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Saturday, July 5, 2014

Why I Write "Those Kind of Books"

This month's blog is from an older post that I ran across the other day. I was trying to think of an appropriate post to celebrate freedom. After I finished reading the last paragraph, I realized what it had taken for women to reach a point where a discussion about erotic romance could take place in a public forum. I truly am grateful for all of the efforts of those who fought the good fight.

Most erotic romance authors at some point in their career are asked by a well-meaning (or not so well-meaning) friend or relative why they write “those kinds of books”.

These days, if anyone asks why I write Erotica and Erotic Romance, I tell them it’s because I enjoy the freedom of exploring what makes people tick and in my opinion separating sex from the equation means leaving out a really huge chunk of the life experience.  If the current trend in books is any indication, apparently I’m not the only one. 

As a reader and an author I know that I enjoy a good story with a strong female protagonist, a woman who knows what she wants whether that may be honestly exploring her sexual nature by having a fling or a more serious romance with someone who sparks a palatable need that will ultimately lead to an emotional connection.

There isn’t any time during sex when characters are not emotionally vulnerable and as a reader I am fascinated by that vulnerability. As an author, I realize that sex is a veritable gold-mine when it comes to revealing a character’s hidden depths that hopefully, a reader might connect to on an emotional level.

Sustaining an emotional connection using the journey of the sexual experience to advance the plot is not a task I would assign to the faint of heart. It is, dear reader much more complicated than those who disparage erotica and erotic romance would have you think. It is not simply, insert tab A into slot B.  

Whether it’s a story focused only on a woman’s sexual journey to discover her own hidden depths or a romance that is revealed along the sexual journey, I believe Erotica and Erotic Romance to be positive forces in our culture. They reinforce the belief that women have a right to their sexual identity and that they won’t accept anyone telling them otherwise.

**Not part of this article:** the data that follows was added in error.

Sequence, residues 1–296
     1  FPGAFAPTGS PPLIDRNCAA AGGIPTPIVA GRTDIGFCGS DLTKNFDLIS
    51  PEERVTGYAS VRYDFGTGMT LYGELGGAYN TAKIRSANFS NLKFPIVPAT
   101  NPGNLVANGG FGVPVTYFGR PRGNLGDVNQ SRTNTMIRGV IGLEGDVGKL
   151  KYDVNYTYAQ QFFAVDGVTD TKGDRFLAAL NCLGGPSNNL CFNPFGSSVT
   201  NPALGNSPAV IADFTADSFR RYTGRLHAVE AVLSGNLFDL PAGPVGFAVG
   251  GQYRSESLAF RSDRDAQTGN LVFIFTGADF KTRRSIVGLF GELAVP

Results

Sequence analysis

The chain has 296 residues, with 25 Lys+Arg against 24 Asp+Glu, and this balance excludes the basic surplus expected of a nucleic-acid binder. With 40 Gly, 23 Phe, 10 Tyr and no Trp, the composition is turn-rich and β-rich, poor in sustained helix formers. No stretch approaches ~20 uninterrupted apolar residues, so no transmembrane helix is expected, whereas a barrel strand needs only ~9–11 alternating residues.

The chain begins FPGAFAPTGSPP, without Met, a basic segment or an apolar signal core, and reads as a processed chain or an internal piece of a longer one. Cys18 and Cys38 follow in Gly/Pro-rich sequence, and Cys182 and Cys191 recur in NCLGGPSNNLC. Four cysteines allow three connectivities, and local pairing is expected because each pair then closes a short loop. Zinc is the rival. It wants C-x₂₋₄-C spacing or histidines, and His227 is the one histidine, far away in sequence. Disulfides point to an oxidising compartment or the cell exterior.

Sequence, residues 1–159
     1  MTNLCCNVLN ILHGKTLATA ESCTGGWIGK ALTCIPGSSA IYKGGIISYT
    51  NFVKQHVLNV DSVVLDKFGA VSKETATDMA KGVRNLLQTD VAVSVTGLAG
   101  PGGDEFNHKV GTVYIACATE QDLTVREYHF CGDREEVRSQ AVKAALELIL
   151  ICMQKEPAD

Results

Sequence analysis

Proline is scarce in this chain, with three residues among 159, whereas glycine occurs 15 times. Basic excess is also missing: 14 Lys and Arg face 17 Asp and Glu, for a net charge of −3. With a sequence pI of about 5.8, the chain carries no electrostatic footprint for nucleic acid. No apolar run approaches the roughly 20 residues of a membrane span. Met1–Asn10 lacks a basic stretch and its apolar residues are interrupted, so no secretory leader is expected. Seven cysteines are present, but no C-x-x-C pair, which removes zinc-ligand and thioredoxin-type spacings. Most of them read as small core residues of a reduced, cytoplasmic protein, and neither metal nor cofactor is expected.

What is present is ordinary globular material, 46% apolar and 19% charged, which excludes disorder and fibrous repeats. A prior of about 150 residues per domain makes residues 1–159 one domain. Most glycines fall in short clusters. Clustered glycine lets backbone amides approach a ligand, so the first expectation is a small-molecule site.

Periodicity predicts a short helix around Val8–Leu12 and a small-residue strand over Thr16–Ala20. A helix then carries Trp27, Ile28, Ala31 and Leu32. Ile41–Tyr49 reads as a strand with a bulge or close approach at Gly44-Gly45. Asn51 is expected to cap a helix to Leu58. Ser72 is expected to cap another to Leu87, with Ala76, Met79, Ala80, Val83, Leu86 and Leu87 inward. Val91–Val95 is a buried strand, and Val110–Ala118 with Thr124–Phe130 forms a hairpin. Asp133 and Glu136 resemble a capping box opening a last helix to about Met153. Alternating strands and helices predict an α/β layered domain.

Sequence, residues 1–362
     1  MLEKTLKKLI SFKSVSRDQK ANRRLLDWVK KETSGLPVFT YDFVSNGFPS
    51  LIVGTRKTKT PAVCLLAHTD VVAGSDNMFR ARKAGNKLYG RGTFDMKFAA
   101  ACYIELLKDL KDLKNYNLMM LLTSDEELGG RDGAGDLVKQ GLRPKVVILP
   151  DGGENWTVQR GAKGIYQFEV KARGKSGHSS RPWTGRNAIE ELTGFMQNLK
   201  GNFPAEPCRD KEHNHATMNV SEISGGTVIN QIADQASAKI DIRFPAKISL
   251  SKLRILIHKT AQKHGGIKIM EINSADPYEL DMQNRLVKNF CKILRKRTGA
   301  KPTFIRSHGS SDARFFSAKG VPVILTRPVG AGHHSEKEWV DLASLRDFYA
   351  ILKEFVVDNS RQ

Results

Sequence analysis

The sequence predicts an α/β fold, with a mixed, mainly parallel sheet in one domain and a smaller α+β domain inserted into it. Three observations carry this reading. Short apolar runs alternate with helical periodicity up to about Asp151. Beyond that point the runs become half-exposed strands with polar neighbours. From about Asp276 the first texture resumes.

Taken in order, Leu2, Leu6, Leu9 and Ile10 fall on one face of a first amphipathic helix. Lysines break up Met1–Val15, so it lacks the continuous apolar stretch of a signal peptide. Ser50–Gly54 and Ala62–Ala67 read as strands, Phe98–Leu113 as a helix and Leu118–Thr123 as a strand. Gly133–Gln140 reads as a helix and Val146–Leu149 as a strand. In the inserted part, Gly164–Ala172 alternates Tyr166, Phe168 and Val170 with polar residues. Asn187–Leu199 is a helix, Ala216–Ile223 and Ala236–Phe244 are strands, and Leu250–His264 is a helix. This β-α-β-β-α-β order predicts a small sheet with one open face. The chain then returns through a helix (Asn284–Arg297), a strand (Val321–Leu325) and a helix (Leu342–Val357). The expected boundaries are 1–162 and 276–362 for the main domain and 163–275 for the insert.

If you study history, there have been times during each century in this country when women have taken a stand and demanded their rights. It wasn’t that long ago women were denied the right to vote, birth control and protection against an abusive spouse. They were also culturally persuaded to believe that they didn’t have a right to a sexual identity. I sincerely hope that those days are over and I thank all of those who came before and spoke out, marched and were sometimes jailed so that future generations would be able to express themselves freely. 


Until next month,

Paris Brandon


Adele Downs said...

Terrific post, Paris! I agree that the emotional connection between the characters matters most.


Sandy said...

A great post, Paris. Unfortunately, young women don't understand what we fought for in the past and will one day have to fight again for them.

Our whole country may have to fight for their freedoms again, as we watch them being taken away.

Tina Donahue said...

Great post, Paris.

I tell those who trash romance (which is just about everyone) that they should try writing one. Getting that emotional build on paper, delving deep into characters' souls, making readers laugh, cry, sigh, get angry, etc. etc. is freaking hard.

Paris said...

Thanks, Adele! I agree:)

Paris said...

Thanks, Sandy! I can't believe that we are having this fight again and that young women today are in danger of losing ground.

Paris said...

Thank you, Tina! The ones that get me are the those that have never read a romance, erotic or otherwise and yet feel free to bash the genre.

Rose Anderson said...

Great post, Paris, and so true. Hats off to the ground-breakers!

Melissa Keir said...

Women have come a long way and we still have more to go! Thank you for the reminder about how important and challenging it is to write passionate stories that grip the reader. :)

Paris said...

Thanks, Rose! Tipping my hat:)

Paris said...

I have to agree with you, Melissa. We do have a long way to go, but I'm confident that we will make it:)

Cara Marsi said...

Paris, I love your post. You do a great job of explaining the depths to erotica and erotic romance. I agree with the others who say most of the young women today take their rights for granted. One young woman told me she doesn't vote because she doesn't believe in it. Yet, the hard-won rights we women fought for are being eroded. And so many people, men and women, look down on romance and they judge it without having read any romance books.

jean hart stewart said...

I agree with everything said. I especially wonder about the people who tell me e-books aren't real books and they'd never read them. A little off topic, but the same narrow mind we all run into.

Poe Von Page said...

A beautifully written response to this question! Several times I've inexplicably been in situations where I've been asked to defend my feminist status when people discover I write erotica. Um... It's my prerogative as an autonomous woman. That's kind-of the point of feminism.

Thanks for this. :)

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